For connected articles and a lot more information, please visit OCA’s Genetic Engineering web page, Millions Against Monsanto page and our Washington News page.
A national fight over labeling of genetically engineered foods is touching down in Washington this fall, fueled by income from organic and food-safety advocates.
On the other side, huge agribusiness and food industry groups are giving mightily to efforts that oppose Initiative 522.
Like Proposition 37 that failed narrowly in California a year ago right after opponents spent $ 46 million to defeat it, I-522 would demand that meals goods with genetically modified or engineered contents be labeled.
Genetically engineered foods are those that come from plants that have had genes transferred from yet another organism.
Even though opponents of I-522 say there is no scientific proof that “GMOs” or “GE” foods pose dangers for buyers, the Yes on I-522 campaign says customers should know what they are getting.
“Individuals are speaking about this problem. They genuinely care. They want to know what is in their meals,” Yes on I-522 spokeswoman Elizabeth Larter stated. She described the appeal to consumers’ logic as: “It is my choice. It is my choice. It’s my right to know. We know the sodium levels, the sugar levels” in foods that currently are labeled.
I-522 was filed as an initiative to the Legislature, but Washington’s lawmakers ignored it in their just concluded marathon legislative session, sending the measure to the Nov. 5 ballot.
Legislators also took a pass on professional initiative promoter Tim Eyman’s Initiative 517, which proposes added protections for initiative campaigns. Eyman’s measure is headed to the exact same November ballot but does not appear to be attracting significantly income. His campaign has reported $ 305,000 in in-sort donations, even though the effort to block his measure has raised just $ eight,one hundred.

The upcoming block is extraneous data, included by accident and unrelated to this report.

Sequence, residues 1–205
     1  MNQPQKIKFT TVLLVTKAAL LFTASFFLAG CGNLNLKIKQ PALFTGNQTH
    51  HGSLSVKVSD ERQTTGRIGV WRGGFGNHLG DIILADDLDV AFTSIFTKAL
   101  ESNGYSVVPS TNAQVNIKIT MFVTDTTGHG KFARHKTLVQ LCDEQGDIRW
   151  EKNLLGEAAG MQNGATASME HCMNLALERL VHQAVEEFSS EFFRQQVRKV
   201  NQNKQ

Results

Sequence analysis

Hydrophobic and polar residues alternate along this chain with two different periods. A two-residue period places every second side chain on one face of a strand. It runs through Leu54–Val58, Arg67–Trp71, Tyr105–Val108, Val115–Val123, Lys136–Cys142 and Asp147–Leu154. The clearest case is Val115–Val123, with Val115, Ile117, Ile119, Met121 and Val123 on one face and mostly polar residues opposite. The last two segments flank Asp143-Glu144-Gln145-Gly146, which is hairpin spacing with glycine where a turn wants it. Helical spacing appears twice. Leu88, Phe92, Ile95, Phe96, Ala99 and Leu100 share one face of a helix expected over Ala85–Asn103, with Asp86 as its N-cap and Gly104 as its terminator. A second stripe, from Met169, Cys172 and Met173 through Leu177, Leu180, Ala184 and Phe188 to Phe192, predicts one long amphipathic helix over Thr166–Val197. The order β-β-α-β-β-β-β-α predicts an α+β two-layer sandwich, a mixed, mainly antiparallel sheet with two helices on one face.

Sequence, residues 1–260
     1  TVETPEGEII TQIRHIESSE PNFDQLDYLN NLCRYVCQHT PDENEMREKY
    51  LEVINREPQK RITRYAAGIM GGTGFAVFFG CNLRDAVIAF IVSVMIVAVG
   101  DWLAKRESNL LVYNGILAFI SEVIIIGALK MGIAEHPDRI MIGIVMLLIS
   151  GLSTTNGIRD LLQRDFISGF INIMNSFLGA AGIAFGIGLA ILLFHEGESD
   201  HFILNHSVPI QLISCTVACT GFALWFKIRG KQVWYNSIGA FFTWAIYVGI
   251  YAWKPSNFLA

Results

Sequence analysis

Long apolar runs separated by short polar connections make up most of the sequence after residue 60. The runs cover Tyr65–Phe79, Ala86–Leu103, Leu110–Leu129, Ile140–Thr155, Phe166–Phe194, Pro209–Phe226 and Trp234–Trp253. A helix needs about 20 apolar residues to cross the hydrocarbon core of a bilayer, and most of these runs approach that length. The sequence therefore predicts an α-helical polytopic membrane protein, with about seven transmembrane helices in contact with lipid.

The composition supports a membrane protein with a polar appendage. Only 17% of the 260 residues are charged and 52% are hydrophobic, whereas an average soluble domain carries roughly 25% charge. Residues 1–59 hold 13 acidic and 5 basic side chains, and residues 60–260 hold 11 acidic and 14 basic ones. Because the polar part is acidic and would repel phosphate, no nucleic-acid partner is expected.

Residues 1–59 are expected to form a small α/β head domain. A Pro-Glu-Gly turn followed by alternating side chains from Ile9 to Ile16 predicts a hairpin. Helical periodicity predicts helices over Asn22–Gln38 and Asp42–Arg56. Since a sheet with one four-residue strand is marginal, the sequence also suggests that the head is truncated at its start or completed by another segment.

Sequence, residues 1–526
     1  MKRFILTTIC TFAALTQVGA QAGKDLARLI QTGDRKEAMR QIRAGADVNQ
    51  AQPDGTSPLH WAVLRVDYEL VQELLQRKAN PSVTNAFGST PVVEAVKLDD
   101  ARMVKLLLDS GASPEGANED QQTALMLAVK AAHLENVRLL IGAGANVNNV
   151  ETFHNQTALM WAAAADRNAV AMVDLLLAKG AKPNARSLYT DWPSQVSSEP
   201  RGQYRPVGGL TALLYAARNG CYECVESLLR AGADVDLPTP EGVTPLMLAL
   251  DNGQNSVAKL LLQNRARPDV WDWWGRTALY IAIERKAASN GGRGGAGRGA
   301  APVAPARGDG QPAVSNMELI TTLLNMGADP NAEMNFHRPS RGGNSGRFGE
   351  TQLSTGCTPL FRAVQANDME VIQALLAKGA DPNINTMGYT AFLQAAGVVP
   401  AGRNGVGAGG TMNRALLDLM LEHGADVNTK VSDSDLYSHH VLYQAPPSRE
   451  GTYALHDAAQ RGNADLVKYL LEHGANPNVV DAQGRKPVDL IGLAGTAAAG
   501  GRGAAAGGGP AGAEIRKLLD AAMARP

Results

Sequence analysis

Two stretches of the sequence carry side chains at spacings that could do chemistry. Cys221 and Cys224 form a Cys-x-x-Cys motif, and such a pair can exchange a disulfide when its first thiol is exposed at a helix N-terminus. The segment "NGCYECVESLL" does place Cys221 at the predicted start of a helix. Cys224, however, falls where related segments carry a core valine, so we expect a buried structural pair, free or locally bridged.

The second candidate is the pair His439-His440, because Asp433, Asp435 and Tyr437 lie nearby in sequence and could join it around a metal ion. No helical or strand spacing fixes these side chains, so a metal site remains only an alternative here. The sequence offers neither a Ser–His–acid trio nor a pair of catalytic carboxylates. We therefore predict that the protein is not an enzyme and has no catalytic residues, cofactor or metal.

On the contrary, funds is pouring into the Evergreen State from across the country for and against I-522.
As of last week’s filings with the state Public Disclosure Commission, No on I-522 forces had collected practically $ 952,000 – with all but $ six,700 of it coming from 5 market groups. The largest amount was $ 472,500 from the Grocery Companies Association in Washington, D.C. Another $ 242,156 was from Monsanto in St. Louis, $ 171,281 from DuPont Pioneer in Johnson, Iowa, and $ 29,531 each was from Bayer Cropscience in North Carolina and Dow AgroSciences LLC in Indianapolis.
The backers of food labeling say their concern is attracting numerous small in-state donors – even even though more than $ 1.6 million of the Yes on I-522 campaign’s $ two.1 million in funds has come from out-of-state pockets.